Man, it got ugly there for a minute.
And by minute, I mean 6 years.
Anybody can start from the beginning of this project and figure out that nothing’s been easy for a while. But if you read through, you’ll find a common theme of hope. I have never given up hope. Far away from the soul-crushing anomalies and beneath the omnipresent darkness, I detected light and hope and believed I would get there.
But, nothing will fuck with your head like the feeling of failure. Nothing. Once somebody has told you that you failed, no matter how small or insignificant that thing is, that feeling is emblazoned in your heart and mind as the one thing you perpetually dodge but always court. No matter what you try, what risk you take, what goal you set to accomplish, that hissing, tsking voice is there. Reminding you of that one time…
But what if you didn’t fail? What if that was somebody’s boneheaded perception of events or their own issue that led them to criticize somebody else’s work or life? See, here’s what I’m asking. What if there was no such thing as failure?
As evidence, I’d like to submit Shitstorm 2006-2012. This six year long whirlwind of bullshit left me with two options:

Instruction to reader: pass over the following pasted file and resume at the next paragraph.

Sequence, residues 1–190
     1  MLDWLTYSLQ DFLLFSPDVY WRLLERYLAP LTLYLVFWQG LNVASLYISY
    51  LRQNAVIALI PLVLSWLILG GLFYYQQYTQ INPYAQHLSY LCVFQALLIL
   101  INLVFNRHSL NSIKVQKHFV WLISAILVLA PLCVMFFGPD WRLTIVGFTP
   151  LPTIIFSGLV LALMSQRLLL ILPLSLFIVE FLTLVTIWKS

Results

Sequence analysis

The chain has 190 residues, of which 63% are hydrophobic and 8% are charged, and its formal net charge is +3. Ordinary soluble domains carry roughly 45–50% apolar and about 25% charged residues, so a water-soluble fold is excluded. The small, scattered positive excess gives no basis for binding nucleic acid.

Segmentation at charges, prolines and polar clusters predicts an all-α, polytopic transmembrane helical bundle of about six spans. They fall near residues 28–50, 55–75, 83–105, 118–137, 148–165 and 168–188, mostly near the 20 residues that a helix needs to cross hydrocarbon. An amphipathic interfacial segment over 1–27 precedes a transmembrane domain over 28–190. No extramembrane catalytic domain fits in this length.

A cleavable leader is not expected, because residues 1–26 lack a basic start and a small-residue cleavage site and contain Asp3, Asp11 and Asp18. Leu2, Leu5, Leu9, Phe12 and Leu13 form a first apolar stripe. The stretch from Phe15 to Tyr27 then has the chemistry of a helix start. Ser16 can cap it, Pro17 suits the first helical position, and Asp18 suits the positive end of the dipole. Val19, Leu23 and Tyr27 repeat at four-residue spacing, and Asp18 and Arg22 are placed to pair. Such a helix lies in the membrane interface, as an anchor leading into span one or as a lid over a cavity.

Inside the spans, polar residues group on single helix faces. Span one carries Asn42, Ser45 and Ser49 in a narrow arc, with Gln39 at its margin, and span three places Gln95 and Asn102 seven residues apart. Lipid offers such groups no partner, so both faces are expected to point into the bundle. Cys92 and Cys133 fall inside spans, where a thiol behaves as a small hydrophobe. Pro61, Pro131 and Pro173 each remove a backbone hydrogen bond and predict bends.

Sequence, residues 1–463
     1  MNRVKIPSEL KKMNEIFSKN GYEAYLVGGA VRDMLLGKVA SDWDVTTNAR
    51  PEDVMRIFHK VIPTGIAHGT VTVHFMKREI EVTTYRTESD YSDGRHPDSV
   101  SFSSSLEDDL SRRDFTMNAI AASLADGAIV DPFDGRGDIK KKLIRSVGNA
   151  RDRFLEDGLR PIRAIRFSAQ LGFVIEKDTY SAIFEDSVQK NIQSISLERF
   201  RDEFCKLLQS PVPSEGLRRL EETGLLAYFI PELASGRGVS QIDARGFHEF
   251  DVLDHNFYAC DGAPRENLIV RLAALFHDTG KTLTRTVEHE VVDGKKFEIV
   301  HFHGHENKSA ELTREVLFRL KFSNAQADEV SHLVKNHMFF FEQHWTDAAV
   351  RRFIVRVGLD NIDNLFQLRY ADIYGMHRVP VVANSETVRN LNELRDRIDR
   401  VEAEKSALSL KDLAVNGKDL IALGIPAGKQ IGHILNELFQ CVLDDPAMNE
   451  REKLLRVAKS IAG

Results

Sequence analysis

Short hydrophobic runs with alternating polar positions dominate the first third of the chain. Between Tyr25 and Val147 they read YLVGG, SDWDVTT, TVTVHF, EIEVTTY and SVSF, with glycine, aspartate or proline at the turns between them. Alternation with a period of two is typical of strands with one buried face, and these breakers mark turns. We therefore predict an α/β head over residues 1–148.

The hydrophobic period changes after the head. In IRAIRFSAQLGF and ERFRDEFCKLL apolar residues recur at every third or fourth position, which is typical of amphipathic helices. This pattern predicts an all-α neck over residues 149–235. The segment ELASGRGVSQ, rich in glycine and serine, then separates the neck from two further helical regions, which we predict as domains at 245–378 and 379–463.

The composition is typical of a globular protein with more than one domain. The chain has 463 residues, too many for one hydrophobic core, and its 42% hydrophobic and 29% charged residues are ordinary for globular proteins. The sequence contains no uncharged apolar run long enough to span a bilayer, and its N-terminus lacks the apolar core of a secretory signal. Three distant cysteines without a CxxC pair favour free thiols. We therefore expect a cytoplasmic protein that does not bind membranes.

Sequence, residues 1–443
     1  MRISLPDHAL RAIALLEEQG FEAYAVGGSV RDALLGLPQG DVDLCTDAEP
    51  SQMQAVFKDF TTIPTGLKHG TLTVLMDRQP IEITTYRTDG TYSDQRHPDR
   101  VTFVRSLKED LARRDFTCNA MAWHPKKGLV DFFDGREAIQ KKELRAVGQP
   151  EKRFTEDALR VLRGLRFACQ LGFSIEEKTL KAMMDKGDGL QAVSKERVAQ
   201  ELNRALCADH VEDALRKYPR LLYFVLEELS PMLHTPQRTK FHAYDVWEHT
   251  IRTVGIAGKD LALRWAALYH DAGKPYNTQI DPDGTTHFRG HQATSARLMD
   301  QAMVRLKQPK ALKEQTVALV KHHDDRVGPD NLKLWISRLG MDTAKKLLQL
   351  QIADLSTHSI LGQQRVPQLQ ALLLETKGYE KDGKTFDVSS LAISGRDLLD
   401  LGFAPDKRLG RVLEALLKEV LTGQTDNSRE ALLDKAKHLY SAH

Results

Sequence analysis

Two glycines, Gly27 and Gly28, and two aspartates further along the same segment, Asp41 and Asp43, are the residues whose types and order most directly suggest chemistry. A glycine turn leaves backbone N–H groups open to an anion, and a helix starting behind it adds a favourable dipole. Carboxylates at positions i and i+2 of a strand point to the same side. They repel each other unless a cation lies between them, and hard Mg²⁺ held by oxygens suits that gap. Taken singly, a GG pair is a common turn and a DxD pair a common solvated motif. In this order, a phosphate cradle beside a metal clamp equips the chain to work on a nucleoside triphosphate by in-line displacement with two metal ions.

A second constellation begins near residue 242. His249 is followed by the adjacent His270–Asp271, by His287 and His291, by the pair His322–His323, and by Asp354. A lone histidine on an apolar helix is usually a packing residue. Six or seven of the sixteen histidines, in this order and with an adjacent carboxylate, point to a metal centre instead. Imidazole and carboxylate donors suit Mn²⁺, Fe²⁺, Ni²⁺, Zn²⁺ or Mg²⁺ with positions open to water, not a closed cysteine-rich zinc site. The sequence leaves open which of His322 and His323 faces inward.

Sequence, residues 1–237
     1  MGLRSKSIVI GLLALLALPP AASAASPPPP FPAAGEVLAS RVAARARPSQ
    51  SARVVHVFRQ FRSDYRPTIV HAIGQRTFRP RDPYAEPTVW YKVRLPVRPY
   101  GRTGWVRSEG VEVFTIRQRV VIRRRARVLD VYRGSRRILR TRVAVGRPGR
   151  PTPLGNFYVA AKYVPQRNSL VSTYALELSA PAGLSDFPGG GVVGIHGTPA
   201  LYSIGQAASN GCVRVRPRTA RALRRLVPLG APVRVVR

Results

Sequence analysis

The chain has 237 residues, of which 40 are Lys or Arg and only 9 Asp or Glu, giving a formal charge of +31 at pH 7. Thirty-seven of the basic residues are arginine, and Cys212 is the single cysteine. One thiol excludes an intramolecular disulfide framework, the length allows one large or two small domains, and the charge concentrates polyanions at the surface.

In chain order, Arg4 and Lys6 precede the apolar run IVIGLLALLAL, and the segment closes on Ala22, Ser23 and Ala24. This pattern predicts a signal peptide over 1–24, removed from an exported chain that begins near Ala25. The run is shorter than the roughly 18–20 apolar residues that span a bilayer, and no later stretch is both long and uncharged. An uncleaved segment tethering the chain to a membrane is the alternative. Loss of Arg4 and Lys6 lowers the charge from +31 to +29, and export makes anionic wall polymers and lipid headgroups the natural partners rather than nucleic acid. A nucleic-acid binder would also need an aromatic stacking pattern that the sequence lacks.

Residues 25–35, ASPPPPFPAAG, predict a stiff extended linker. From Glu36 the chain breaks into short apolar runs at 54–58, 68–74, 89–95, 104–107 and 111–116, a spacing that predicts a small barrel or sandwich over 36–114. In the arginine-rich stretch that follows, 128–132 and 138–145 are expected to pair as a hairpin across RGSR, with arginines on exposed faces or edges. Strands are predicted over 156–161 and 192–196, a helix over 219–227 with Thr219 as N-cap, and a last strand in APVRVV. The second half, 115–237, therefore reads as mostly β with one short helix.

1. Bitterness. I could rise up full of righteous rage for all the injustices we endured, cutting myself off from people and places who didn’t help or should have helped or tried to help but just missed the mark. I would wither and die, desiccating like seaweed at low tide.
2. Introspective. I could spend some time thinking about life and love and the things that really matter in the world. I could take those lessons to heart and change my perspective into one of gratitude, all the while laughing at the forces that tried to break my family. I would endure and bloom.
Happy for me, I chose option 2. I’m not tooting my own horn, because I still struggle with want vs. need, luxury vs. necessity, and the desire to scream and yell at walls because my kids won’t go to sleep. But seriously, nothing will make you appreciate life like seeing somebody come back to life. And that’s what’s happening. I never gave up hope that it would get better, and finally, it has.
This month, for the first time in years, I felt OK. We’ve all decided that kidlet’s school was no bueno, so we’re home schooling in the fall. We joined a swim team and haven’t been late to practice once, and we’re in love with this experience. I have a legit vegetable garden. We paid our bills on time. I stick to a meal plan. Mostly. “We’re OK,” I thought. “We’re actually doing OK.”
But then I got a phone call and I learned that because I’m lousy at sending cards and I call late on birthdays and Mother’s Day and Father’s Day, and because I don’t read minds, I needed to go see a therapist. I was being a bad family member. Literally. I was doing irreparable damage to my relationships. I was failing.